Frogs

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					Frogs Frog is the common name for a species of amphibian that also includes toads. A very common question is "whats the difference between frogs and toads?", the answer: none, except for the fact that toads lack the powerful legs that frogs have. "Where can frogs and toads be found?", one might ask. They live in all parts of the world, except for Antarctica, but are mostly found in tropical areas. Frogs are small animals with smooth moist skin, and big eyes that can see in almost any direction. Most species have webbed feet and powerful legs making them good jumpers, and excellent swimmers. A frogs tongue is attached to the front of it's mouth instead of the rear, and most frogs are very vocal, especially the male frogs. As a frog grow, it goes through many changes. Starting out as a tadpole, and morphing into a frog. Most frogs lay their eggs in water. Others will lay their eggs some where safe, then carry them to water where they hatch into tadpoles. At this stage they have gills, no legs, and a tail. As they mature, their gills and tail disappear, and they develop lungs and legs. This period of tadpole life can be divided into three stages. The first stage, called "premetamorphosis," lasts about 50 days (Patent 54). The second stage, in which the hind legs grow, is called "prometamorphosis," and lasts about 21 days. When the legs are about as long as the body, the third stage, which is called "metamorphic climax," and takes place very rapidly, begins. During this last stage, which lasts about a week, many great changes occur. They lungs complete their development, and the gills disappear. The skin gets thicker, nostrils form, and the tail is completely resorbed. Most frogs prefer moist regions, and many kinds live in the water. Because frogs absorb oxygen in water through their skin, they can stay underwater for long periods of time. A frogs body temperature depends on it's surroundings, and during cold weather, frogs dig burrows in mud and hibernate. During hibernation, the frog needs little oxygen and no more food than is already in it's tissues. During intense heat, a frog might estivate, or in other words, lie in a state of torpor during the heat, after burying themselves in sand and clay. Frogs are carnivores. They eat just about anything smaller than then that moves. A frog thinks like this: If it's smaller than itself and moves, eat it. If it's the same size, mate, or attempt to mate (this gets some frogs in lots of trouble). If it's bigger than itself, run. Their diet may include insects, worms, spiders, or even centipedes. Aquatic frogs sometimes eat other frogs, tadpoles, and small fish. Large frogs can eat can eat stuff as big as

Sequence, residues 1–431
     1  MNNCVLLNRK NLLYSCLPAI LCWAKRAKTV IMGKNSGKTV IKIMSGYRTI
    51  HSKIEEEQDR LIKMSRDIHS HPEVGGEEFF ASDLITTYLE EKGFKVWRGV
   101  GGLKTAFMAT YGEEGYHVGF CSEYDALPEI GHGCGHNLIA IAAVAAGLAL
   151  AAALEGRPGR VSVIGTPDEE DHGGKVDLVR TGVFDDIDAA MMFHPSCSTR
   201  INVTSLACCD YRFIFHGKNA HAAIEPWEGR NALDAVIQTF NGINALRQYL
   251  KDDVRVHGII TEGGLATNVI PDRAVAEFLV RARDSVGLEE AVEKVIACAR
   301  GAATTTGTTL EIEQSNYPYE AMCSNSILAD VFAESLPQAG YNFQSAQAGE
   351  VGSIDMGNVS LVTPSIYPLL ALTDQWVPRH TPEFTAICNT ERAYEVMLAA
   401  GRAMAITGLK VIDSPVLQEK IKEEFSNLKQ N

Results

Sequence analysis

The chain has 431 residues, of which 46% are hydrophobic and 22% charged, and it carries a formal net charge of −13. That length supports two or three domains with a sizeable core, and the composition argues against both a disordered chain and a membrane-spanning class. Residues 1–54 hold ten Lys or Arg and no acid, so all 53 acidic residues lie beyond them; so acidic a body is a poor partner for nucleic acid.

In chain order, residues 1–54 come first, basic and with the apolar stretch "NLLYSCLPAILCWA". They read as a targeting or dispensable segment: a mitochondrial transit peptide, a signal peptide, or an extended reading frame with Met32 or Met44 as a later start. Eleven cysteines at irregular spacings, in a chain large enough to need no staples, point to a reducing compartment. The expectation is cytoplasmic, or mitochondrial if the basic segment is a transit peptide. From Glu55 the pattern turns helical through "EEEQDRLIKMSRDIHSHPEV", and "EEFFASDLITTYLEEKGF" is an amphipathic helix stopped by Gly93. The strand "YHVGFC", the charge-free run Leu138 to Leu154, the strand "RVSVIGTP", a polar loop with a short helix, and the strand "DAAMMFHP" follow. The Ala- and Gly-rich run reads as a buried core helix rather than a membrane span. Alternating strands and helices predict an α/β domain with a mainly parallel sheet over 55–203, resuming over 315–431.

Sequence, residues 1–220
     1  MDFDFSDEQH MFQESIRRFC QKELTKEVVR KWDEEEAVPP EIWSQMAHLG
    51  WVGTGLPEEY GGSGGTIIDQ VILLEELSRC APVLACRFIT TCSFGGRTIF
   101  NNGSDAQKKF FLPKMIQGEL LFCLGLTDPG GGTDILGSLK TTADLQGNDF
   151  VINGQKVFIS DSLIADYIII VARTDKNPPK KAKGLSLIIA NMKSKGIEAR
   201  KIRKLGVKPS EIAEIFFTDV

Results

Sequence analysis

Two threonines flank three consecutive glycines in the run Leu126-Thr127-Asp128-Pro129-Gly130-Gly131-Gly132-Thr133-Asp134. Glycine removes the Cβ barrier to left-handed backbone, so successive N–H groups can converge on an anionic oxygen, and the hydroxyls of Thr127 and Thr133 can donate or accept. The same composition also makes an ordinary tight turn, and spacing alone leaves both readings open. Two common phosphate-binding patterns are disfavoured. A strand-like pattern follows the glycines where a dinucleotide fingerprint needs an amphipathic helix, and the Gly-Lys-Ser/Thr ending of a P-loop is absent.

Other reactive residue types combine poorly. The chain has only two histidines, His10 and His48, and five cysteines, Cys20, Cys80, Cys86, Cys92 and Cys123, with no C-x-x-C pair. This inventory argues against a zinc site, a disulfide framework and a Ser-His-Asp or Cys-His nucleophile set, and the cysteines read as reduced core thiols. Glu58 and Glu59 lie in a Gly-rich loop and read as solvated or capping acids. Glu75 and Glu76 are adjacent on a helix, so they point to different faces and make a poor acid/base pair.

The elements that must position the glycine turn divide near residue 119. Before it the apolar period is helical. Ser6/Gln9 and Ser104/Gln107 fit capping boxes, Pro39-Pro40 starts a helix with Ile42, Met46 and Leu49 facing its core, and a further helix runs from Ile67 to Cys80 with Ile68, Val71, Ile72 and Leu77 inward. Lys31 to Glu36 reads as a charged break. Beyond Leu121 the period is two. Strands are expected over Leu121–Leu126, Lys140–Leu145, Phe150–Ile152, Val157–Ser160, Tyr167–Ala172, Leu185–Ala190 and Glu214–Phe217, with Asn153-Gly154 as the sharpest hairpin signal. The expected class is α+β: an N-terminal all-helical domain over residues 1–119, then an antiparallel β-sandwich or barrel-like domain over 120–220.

mice and snakes. Sometimes a frog eats something too big to swallow all at once, and will leave it sticking out of its mouth ingesting it gradually or even choking and regurgitating it. So virtually, the size of a frog's dinner is determined by the size of it's mouth. If a frog eats something poisonous or bad for them, they can throw up their entire stomach and wipe it with their right front leg. Frogs help out humans in many ways. Toads are used world wide as pest control in gardens and on farms. One toad alone can consume thousands of insects. Frogs have been used as food for centuries. Efforts have been made to harvest frogs, but most frogs eaten today are taken from their natural habitat. People in South America, the South Pacific, Philippine Islands, and parts of Africa savor frogs, and consider them a delicacy. The Chinese and French are lovers of frogs legs. One of the reasons frogs legs are so expensive is the great demand for frogs in scientific and medical laboratories. Because their skeletal, muscular, digestive, nervous, and other systems are similar to those of higher animals, frogs are very important in these in these fields of research. One large and nearly worldwide family of frogs are the true frogs, many species combined that are well known (Encarta True Frogs). The Bullfrog is one of the largest true frogs in North America (Barker 150). It weighs up to 1.2 pounds and has a total length of 15 inches. One of the most common North American species is the leopard frog (Barker 154), which is easily recognized by the numerous black, often light-edged spots on the back and legs. Most true frogs stay close to ponds and streams, but the North American wood frog (Stebbins 135), a small redish-brown species with mask-like black bands on the head, wander far away from the water. The green frog is another common species in North America and despite their name, some green frogs are brown. Two well-known true frogs of Europe are the common European frog, which resembles the wood frog, and the edible frog, a popular food in Europe. The African Giant Frog, the largest of all frogs, which grows as long as 26 inches and weighs as much as 10 pounds, is also a true frog . The smallest frog is probably the Psyllophyne Didactyla from Brazil which is about 9.8 mm as an adult. The frogs and other amphibians of North America, and those of other continents too, are important in the way all wild things are important. They are also a living resource that needs protection and greater understanding to appreciate its true worth. Today there is a strong effort by all forms of government to set aside areas that furnish the sort of environments required by many forms of wildlife, including frogs. Private organizations and individuals too have established many special areas mostly free from conditions that disturb natural habitats. People are

finally realizing that, hey, frogs aren't such bad guys and maybe we should keep them around.


				
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posted:12/9/2009
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